Ask yourselves...“If we were to carve out a least a little bit of time each day (say, 15-20 minutes) to work, play, talk, and pray together, what would we do?� Come up with a short list of ideas and discuss it as a family.

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Start doing some of those things now - even periodically - so that your family can get used to being intentional about being together.

Family Time Comes First Think of extra-curricular activities - including your own - as secondary to the need to make time to work, play, talk, and pray together as a family.


Growing your family’s relationship is the single most important activity you can do in the course of your week. March 2016 | 33


Set Boundaries

Tell your kids’ coaches that your kids won’t be attending practices or games when they conflict with family commitments– especially your family’s commitment to attend Mass together. Tell the various ministry heads to schedule your family for reading, altar serving, and cantoring at the same Mass.

Make them work around you, not the other way around. You do not need their permission or approval. 34 | March 2016

It’s time to start a revolution for the family. Chances are, the people you have let think they own your children won’t like it. Tough. Revolutions are never easy. But perhaps the best way to create a ‘Culture of Encounter’ that brings Christ to the world is to simply do what Pope Francis says and “waste time with your children”.

About Dr Greg Popcak

Dr Greg Popcak and his wife, Lisa, were featured speakers at the 2015 World Meeting of Families. They are the authors of 20 books including For Better…FOREVER! and Parenting with Grace. Learn more at This is an extract from an article published on Dr Greg’s blog. Reprinted with permission. Read the whole thing here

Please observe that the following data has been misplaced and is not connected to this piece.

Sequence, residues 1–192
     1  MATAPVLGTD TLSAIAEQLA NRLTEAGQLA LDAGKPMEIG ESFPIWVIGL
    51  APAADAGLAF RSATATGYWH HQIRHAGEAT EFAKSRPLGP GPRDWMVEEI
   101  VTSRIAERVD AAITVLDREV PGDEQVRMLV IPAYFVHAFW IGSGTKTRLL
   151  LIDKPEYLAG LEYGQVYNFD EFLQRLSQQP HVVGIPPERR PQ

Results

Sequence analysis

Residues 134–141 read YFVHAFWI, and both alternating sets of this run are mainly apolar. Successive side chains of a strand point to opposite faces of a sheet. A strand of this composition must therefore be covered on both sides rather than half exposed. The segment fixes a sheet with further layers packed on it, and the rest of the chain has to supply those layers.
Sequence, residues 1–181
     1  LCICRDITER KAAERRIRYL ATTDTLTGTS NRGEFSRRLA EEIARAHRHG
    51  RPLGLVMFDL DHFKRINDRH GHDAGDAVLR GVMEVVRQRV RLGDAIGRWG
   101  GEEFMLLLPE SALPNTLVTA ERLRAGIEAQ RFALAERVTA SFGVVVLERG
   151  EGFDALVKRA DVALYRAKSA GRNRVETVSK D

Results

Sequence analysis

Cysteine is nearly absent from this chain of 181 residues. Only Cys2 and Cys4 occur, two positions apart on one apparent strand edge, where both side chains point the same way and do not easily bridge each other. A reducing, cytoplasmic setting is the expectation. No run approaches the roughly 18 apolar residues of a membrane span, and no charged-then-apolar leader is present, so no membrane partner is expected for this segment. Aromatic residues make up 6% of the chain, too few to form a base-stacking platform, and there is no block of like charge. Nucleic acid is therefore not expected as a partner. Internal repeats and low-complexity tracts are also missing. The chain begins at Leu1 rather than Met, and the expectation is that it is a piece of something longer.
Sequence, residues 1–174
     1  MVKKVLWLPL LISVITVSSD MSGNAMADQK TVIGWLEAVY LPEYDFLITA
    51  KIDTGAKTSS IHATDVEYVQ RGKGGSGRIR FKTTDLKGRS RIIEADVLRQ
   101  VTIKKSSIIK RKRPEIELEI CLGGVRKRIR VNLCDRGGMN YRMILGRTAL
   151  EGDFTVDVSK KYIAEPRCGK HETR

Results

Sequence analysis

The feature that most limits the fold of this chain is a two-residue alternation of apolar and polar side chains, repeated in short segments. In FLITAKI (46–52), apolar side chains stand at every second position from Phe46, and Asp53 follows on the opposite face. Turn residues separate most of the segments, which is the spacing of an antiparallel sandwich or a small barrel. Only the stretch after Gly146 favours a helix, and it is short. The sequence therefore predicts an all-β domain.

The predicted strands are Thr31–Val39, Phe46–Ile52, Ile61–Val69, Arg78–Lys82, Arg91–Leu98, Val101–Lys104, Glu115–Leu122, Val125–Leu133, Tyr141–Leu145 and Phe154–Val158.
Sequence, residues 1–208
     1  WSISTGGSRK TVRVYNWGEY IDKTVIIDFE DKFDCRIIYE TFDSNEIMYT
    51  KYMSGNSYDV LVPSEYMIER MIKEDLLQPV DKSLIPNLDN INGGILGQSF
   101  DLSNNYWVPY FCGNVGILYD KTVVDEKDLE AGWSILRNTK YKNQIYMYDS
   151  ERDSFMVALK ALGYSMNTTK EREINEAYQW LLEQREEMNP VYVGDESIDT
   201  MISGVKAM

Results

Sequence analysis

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Holy Clutter Burial Ceremony Help! I can’t find my Prayer Space anymore! What are you supposed to do with all the broken, damaged, or worn-out rosary beads... CRAFT AND PARENTING

Family Meal Conversation Starters The benefits of family meals are not just due to the superior nutritional intake, compared to the ‘eat on the run’ alternative...


My Family Crest Design a special crest for your family. You could include your parents, brothers and sisters, or grandparents and pets too...

38 | March 2016

Holy week


No Time to Rise! Unleavened Bread Recipe During the Passover, the Israelites did not have time to wait for their bread to rise as they had to escape from Egypt. Try your hand at making unleavened bread for your Last Supper meal... RITUALS & PRAYER

Children’s Station of the Cross Based on a version of the Via Crucis used by Pope John Paul II at the Colosseum in Rome, this worksheet can be used to engage children in the Passion story... LENT & EASTER CRAFT

Make a Family Paschal Candle On Holy Saturday, the Paschal Candle is blessed and lit for the first time. It will be used throughout the Easter season and at Baptisms until next Easter... For more ideas and inspiration visit March 2016 | 39


A special limited print edition for the Jubilee Year of Mercy, MERCY contains a refresher guide to the Sacrament of Reconciliation, testimonials, Pope Francis’ reflections on God’s mercy and tips for taking mercy into our relationships. Limited quantities. For more information and orders visit

40 | March 2016

CathFamily Mar 2016 | Simplify  

Living with less, taking back family life & more...